Unlike Art Spiegelman's Maus, in which oppressed and oppressor are signified by specific animal species (Jews are mice, Nazis cats), Griffin's art relies on ambiguity; only the suggested narrative situation determines who is villain or victim.
In the work that we and our partners undertake to conserve and recover vulnerable species, awareness of the efforts we take for native plants is often overshadowed by the interest received by animal species. Too often overlooked is the fact that plants provide the foundation upon which animal life, including our own, depends.
The site contains images of museum specimens, scientific drawings, and field photos of the plant and animal species observed by Meriwether Lewis and William Clark, along with journal excerpts, historical notes, and references for many of these examples as well as the date and location of observation.
The preserve protects vernal pools, which support one of the area's rarest species, the San Diego fairy shrimp, and is home to more than 65 plant and animal species, including 18 highly sensitive species.
The habitats are being threatened by intensive farming and the construction of a cross-border industrial site.The Habitats Directive requires that Member States prohibit the deterioration or destruction of breeding sites or resting places of a number of animal species of European conservation concern, including Cricetus cricetus, which has been suffering a severe decline in recent years across Central Europe due to intensive farming and other pressures.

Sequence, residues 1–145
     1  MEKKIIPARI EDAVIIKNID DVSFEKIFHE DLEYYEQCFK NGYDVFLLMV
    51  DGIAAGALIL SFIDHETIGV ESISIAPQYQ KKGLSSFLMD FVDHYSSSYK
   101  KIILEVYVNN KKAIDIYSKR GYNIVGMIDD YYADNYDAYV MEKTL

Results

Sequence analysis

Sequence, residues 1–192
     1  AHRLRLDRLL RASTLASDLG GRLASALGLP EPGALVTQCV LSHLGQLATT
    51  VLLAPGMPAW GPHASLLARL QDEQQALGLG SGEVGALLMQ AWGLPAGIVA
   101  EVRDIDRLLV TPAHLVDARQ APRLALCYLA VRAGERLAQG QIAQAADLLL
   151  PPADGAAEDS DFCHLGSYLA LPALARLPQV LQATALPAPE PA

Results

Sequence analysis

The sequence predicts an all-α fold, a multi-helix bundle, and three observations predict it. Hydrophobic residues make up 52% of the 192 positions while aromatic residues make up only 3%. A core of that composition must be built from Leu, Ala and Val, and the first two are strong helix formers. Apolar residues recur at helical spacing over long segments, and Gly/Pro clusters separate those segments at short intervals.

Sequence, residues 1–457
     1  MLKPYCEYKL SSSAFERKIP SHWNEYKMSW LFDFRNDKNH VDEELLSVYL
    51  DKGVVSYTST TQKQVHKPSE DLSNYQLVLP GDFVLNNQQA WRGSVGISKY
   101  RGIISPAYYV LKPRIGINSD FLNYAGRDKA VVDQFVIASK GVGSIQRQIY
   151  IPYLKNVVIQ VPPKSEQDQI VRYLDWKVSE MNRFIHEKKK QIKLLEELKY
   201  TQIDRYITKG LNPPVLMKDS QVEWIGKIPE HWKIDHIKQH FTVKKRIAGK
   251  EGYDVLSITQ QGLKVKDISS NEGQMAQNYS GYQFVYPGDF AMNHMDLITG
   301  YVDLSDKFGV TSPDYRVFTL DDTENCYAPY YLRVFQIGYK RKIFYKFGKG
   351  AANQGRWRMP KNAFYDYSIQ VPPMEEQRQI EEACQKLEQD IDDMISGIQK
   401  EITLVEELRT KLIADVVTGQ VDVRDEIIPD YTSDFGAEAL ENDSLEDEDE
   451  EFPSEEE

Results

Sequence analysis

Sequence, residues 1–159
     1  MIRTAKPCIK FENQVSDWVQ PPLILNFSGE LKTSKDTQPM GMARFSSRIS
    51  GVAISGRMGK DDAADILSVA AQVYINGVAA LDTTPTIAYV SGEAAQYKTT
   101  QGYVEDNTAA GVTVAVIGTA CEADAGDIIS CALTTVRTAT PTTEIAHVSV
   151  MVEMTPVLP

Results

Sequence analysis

Once fully in place, this network should ensure that the best examples of the Community's important natural habitats as well as the habitats of important plant and animal species are properly conserved and protected.
Formed by volcanic activity thousands of years ago, this park is home to more than 80 rare or endangered plant and animal species.
In fact, only 14 large animal species have been successfully domesticated--all but one of them thousands of years ago in Eurasia.
We are all aware of the disastrous way in which the world's plant and animal species are declining, and that by causing extinction on a massive scale we are depriving ourselves and our successors, not just of the wonders of nature, but of as yet unknown benefits to humankind.